Dakar: KTM stage 8 report

New-age treachery mixes up the field of competitors GPS means navigating with the help of dozens of satellites in space. GPS points help the drivers to orientate and find their way through the desert. Some experts claim that GPS is a good means...

New-age treachery mixes up the field of competitors

GPS means navigating with the help of dozens of satellites in space. GPS points help the drivers to orientate and find their way through the desert. Some experts claim that GPS is a good means for the race. However, it does not substitute for looking into the road book or even at the landscape. That is what today's stage was vehemently trying to tells us.

"Fucking day," exclaims Alfie Cox in the paddocks. He was mad about himself. "I followed Fabrizio and that turned out to be a huge mistake." Because Meoni rode in a wrong direction, just as Cyril Despres and several of the other riders. The crucial point was the first GPS point. It was given to the competitors by the officials of the rally. It was meant to help orientating and was about 120 kilometers behind the start. The riders crossed a Wadi after 40 km. The ones riding directly towards the GPS point missed the right exit to leave the dryed-up river bed. The ones looking into their road books and taking in their surroundings had it easier to find the right way. Surly, A.S.O. must allow to be questioned about such a misleading GPS point. But the stage is definitely over.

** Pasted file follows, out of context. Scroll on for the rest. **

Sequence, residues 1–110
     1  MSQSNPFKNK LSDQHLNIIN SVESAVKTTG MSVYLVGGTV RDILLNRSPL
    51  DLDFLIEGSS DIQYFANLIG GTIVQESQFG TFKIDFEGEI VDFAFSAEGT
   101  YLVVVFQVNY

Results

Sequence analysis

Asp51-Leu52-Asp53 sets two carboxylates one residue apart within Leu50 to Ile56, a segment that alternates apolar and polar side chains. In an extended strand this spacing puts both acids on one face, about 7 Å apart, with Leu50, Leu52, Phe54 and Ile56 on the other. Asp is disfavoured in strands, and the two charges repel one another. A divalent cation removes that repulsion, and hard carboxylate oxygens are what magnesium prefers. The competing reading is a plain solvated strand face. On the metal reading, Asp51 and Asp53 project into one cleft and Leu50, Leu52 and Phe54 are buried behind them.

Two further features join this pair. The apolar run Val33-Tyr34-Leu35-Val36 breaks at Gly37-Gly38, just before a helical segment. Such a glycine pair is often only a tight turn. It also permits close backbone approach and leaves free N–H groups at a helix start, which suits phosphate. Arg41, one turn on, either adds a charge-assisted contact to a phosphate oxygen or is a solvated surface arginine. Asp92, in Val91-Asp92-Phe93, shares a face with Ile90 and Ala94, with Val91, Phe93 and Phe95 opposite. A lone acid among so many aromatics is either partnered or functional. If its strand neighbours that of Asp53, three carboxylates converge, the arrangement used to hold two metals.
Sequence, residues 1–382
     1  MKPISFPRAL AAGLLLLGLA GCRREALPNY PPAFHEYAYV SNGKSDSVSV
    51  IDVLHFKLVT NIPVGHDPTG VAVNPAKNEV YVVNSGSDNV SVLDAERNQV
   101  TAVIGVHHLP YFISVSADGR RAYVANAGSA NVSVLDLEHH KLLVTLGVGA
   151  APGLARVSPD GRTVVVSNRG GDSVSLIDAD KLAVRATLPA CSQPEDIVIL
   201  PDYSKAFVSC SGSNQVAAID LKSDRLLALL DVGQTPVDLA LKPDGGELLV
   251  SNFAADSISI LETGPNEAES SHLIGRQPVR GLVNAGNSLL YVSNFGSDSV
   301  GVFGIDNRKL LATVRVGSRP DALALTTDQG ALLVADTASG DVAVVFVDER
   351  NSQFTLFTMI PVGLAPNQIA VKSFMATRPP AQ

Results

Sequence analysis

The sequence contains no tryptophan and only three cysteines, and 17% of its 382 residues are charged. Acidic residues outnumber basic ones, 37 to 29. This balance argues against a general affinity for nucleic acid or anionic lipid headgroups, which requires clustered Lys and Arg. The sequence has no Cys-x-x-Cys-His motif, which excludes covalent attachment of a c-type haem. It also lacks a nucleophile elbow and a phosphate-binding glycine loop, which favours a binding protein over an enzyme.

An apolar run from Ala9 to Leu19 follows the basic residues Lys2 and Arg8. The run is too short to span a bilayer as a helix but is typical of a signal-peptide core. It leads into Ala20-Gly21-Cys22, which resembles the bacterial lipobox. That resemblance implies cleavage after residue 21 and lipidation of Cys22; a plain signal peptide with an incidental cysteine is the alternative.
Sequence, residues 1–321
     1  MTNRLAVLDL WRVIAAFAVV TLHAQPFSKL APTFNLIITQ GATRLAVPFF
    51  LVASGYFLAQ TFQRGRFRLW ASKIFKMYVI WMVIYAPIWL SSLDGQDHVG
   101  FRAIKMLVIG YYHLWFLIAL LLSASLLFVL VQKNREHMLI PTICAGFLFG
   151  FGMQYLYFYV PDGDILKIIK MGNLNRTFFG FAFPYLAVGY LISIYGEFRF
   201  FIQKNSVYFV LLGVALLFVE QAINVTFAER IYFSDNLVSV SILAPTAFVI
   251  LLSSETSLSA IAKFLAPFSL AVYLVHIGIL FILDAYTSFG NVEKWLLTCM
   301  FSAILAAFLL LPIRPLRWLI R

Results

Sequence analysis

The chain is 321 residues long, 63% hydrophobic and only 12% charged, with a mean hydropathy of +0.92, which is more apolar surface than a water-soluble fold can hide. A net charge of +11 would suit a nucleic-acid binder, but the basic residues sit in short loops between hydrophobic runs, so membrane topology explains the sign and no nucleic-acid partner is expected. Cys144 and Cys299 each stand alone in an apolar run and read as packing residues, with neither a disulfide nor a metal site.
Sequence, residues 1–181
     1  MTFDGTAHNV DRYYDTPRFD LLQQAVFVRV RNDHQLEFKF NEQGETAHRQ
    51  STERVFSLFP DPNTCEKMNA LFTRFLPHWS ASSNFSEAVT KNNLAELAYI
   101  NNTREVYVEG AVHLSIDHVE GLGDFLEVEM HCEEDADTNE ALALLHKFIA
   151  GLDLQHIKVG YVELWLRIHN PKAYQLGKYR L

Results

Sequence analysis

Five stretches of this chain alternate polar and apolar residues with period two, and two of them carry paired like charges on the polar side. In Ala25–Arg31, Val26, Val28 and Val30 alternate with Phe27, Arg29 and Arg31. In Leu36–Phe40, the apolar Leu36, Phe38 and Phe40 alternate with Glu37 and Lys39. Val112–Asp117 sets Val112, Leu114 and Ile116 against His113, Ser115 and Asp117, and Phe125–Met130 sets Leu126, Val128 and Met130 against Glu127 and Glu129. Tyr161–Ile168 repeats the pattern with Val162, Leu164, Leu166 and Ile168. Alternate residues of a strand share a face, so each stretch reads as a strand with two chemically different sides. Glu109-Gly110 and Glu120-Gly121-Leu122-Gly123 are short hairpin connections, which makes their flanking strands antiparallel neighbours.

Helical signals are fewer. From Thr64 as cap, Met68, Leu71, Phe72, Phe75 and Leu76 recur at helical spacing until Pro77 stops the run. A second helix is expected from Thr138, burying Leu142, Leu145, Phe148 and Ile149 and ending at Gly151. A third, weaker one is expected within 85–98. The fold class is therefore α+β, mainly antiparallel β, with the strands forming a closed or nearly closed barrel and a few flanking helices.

Today's winner Nani Roma happily explained tonight, "It was good that I checked into my road book. I looked around and calmly tried to navigate." For the longest time, he could take advantage of Richard Sainct's knowledge. Roma overtook him shortly beyond the start. With the Frenchman and his fellow countryman Jean Brucy they rode on together. Richard Sainct, too, had his problems today, "Navigation was extremely difficult. I turned around twice on a track because I wasn't sure that I had found the right route." A sandstorm made orientation even more difficult. "I constantly had dust in my eyes," tells Sainct. His summary about the day: "The stage was shorter than yesterday, but it was definitely tougher, too. But I did okay. If navigating stays at this level I assume I have a good chance in the race."

Nani Roma claims the leadership in the overalls again. He leads ahead of Sainct just before Jean Brucy, who was able to clinch a 2nd place today. Modestly he answers, "It was not that difficult for me today. I just followed Richard."

Dakar-beginner Scott Harden rode a remarkable race today. Trusting his good old compass helped him to rank among the top riders. "I arrived in 6th position and was simply surprised about such a good placement. When I wasn't sure about the way I took out my compass and road book. I trusted them more than my GPS. That's what helped me to get through fine."

The last two stages thoroughly mixed up the field of riders twice. Tomorrow this could happen for a third time. Stage 9, the second part of a marathon-stage, is the second longest special in this years Dakar rally. It is 739 km long. The A.S.O. also claims it to be the toughest stage. What do the riders await? The legendary route drives past Tichit, the famous elephant rock. It also crosses the Enji-pass which had stopped almost all competitors due to a sandstorm in 1985. We will wait in suspense what this special offers the riders and their fans at home tomorrow.

-ktm-

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About this article
Series Dakar
Drivers Jean Brucy , Cyril Despres , Alfie Cox , Richard Sainct , Nani Roma , Scott Harden